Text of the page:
Joe said he visits the old neighborhood at night, sitting and looking at the water. “It's heartbreaking,” he said.
About one hour south in Manahawkin, N.J., Jackie Terefenko and her husband, Mike, have run out of funds to complete work on their partially repaired home.
They elevated their two-story residence to nearly 14 feet to comply with new FEMA building guidelines, but have encountered many setbacks, including a wall pulling away during the lift and part of the second floor sagging.
“We have all these problems on top of problems,” said Jackie, 59, who was diagnosed with lymphoma after Sandy tore through the house they bought in 1964.
They live on the second floor, using their bathroom as a makeshift kitchen with a toaster oven and hot plate, and they eat at a card table in their bedroom. The first floor remains stripped to the studs without insulation, heat or electricity.
The Terefenkos need more money to build steps to the front door and finish the first floor, including the kitchen, bathroom, walls, new doors and windows, as well as hook up the electricity. But a new problem has emerged: The front wall is bowing out.
“We’re living in hell,” said Jackie, who has a box and bag full of paperwork and receipts that chronicle their rebuilding.
The couple is fighting for more funds from their insurance company, which paid $84,000 of a $250,000 policy, Jackie said. So far, they’ve spent $139,000 – a sum cobbled together from the insurance money, their savings and government aid – but Jackie estimates the price tag will surpass $220,000. The couple is waiting to hear if they’ll receive one of the HUD-funded state grants.
“They’ve got all that money, but where’s it at?” Mike said of their predicament.
The process is so overwhelming, said the couple, that like many others in the community, they have been in counseling since the storm. “We honestly couldn’t handle what was happening to us,” Jackie said.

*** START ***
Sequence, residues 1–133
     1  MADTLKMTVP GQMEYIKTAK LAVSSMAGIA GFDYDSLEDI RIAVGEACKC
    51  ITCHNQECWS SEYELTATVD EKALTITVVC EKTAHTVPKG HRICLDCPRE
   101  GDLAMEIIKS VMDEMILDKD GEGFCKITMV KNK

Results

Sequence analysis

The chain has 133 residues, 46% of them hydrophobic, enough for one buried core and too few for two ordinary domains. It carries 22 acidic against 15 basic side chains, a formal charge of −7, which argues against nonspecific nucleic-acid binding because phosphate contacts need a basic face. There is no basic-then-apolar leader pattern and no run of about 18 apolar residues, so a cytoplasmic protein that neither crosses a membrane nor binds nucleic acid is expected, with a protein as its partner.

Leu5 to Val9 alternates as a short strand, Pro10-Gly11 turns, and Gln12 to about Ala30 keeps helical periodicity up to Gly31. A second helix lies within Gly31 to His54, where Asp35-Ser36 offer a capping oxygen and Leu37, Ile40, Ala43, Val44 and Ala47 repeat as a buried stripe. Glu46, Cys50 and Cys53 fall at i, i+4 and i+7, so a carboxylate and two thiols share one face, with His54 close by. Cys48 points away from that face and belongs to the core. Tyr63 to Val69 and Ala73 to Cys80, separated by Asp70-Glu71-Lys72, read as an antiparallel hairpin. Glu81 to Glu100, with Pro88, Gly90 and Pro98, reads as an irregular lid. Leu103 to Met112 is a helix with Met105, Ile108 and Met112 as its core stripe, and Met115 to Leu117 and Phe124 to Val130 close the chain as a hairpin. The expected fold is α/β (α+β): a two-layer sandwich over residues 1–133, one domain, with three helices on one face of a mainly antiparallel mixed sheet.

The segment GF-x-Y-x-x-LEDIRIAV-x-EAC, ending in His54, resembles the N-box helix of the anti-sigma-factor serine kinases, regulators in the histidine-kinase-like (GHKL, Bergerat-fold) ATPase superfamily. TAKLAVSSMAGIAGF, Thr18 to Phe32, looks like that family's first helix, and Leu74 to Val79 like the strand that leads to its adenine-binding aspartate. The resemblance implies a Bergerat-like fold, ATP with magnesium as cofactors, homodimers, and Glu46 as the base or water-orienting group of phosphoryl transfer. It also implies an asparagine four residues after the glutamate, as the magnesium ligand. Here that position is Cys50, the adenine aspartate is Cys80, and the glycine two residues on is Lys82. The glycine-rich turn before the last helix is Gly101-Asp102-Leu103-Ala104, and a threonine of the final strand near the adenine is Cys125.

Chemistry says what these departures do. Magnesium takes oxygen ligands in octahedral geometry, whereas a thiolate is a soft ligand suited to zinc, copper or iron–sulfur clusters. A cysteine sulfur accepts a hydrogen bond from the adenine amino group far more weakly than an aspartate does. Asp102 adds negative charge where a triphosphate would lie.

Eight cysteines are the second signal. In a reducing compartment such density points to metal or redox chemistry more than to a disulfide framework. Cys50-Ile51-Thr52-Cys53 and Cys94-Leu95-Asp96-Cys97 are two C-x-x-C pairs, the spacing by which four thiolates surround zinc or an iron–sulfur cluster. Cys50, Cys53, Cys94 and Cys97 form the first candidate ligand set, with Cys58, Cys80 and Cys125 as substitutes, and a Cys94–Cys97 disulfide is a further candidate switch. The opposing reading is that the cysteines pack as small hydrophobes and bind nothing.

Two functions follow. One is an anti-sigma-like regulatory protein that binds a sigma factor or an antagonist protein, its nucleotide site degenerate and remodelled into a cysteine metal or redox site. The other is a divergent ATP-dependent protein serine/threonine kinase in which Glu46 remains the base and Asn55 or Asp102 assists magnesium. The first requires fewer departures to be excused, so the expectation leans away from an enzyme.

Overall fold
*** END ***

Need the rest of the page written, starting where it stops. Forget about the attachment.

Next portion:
John Makely / NBC News
Michael and Elizabeth Carlson, with their son Michael Jr., visit their new home under construction in Breezy Point, which they hope to be able to move into by Christmas.
Back in Breezy Point, the outlook is much brighter for Elizabeth and Michael Carlson, who are among a rare group of Sandy survivors: They soon will move into a newly rebuilt home, one constructed in compliance with the updated federal guidelines.
“It’s not been easy,” said Michael, 36, a field technician with a telecommunications company. “It’s just one thing after another.”
In the past year, the family has moved three times with an infant (Michael Jr., now 18 months), waited months for new federal construction guidelines for their flood zone and fought with their insurance company, an ongoing battle, Michael said.
The family managed to rebuild using money they’d saved to renovate their modest bungalow, which was condemned after four feet of water raged through it during the storm. They’ve also received some insurance money and have taken out a loan from the Small Business Administration, though they’ll still have to cover the mortgage on their former bungalow.
The Carlsons, who hope to move into their new home in mid-December, are the first family among their closest neighbors to rebuild from scratch, and they hope it motivates others. Nearly 40 homes are now being rebuilt in this community, which lost 350 residences to the storm and fire.
Passers-by “have said to me that it’s kind of inspiring for the neighborhood, that it’s signs of coming back,” said Michael. “It’s a breath of fresh air, because for a while, we weren’t sure what was going to happen to this community.” About 60 percent of Breezy Point’s 2,800 homeowners have returned since Sandy hit, said Artie Lighthall, general manager of the private community’s cooperative.
The Carlsons aren’t planning to commemorate the first anniversary of the storm, though it does coincide with Elizabeth’s 34th birthday. “It’s time to just move forward,” she said.
“A year later, it looks like we’re coming back,” Michael added. “And probably a little bit stronger.”
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This story was originally published on Tue Oct 29, 2013 3:08 AM EDT